It's a big challenge because when they're little, we're in control, but when they go to school, they're in control. So there are some really important things, some tools that we need for them to have in their lunch boxes. Number one is protein. Protein is the sort of food that helps to keep you full and helps to slowly leak out glucose into your bloodstream during the day so that you can stay alert and active and learning.

The other little trick though, is you can put whatever you like into their lunch box, but unless they like it, they're not going to eat it. So my little trick, and it took me a while to learn this, is to actually let the kids help me, or actually let them do it all by themselves – pack their lunch boxes. They're much, much more likely to come home with an empty lunch box, well fed, if they've helped pack it.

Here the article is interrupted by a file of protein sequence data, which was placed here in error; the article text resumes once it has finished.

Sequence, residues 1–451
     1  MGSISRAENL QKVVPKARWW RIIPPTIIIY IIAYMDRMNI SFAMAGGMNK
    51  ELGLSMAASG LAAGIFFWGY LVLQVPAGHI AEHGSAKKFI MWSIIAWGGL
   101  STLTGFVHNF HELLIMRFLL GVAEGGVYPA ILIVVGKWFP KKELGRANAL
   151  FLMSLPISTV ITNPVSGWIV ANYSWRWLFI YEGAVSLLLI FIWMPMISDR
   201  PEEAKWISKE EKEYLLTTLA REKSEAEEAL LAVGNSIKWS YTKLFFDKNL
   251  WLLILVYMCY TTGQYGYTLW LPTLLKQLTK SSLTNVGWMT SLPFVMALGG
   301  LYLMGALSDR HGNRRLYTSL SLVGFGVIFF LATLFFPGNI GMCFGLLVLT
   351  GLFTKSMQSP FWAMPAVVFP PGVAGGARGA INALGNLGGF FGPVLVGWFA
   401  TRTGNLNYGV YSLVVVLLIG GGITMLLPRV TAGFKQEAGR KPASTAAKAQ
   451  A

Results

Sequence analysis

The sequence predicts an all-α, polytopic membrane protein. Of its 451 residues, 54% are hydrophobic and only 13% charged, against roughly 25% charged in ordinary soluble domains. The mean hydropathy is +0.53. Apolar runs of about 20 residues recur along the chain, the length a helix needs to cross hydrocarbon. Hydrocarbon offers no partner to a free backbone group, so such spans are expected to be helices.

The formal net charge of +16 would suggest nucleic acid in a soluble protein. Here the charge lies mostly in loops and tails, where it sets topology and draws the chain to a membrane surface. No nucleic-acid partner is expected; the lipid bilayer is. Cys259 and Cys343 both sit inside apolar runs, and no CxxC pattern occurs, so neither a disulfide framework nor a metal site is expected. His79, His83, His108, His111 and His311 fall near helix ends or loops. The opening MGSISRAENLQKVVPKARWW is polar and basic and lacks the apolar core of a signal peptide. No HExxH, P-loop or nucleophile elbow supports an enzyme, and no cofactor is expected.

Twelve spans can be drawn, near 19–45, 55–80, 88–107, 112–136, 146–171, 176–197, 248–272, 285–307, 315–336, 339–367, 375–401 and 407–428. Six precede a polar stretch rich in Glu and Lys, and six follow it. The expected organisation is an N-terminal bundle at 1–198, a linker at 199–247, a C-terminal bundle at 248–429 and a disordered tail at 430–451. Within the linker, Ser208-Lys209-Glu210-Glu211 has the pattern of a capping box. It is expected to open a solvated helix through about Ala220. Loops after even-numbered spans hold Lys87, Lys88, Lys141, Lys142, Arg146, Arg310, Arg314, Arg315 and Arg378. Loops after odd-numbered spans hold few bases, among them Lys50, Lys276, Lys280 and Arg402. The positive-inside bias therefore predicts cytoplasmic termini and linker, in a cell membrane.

Rachel

What sort of value do you put on exercise? How important is exercise to keeping a child healthy?

Martine

Exercise, you know, all through the ages is important, but particularly for children. You know, the obvious thing is weight management, but in children that's usually not so important as making sure that their muscles are strong, that their lungs and that their hearts are developing properly, that their hand-eye coordination is good, and exercise is just the best recipe for doing that.

Rachel

So do you really think that active kids are healthier kids?

Martine

Oh, definitely, and the research just backs that up completely. We know that children who spend a lot of time watching screens and watching television tend to be less fit, tend to be overweight. And part of that is because of the advertising and the triggers for food that are inherent in those things, so the more we can keep children away from screens, the less likely they are to eat more.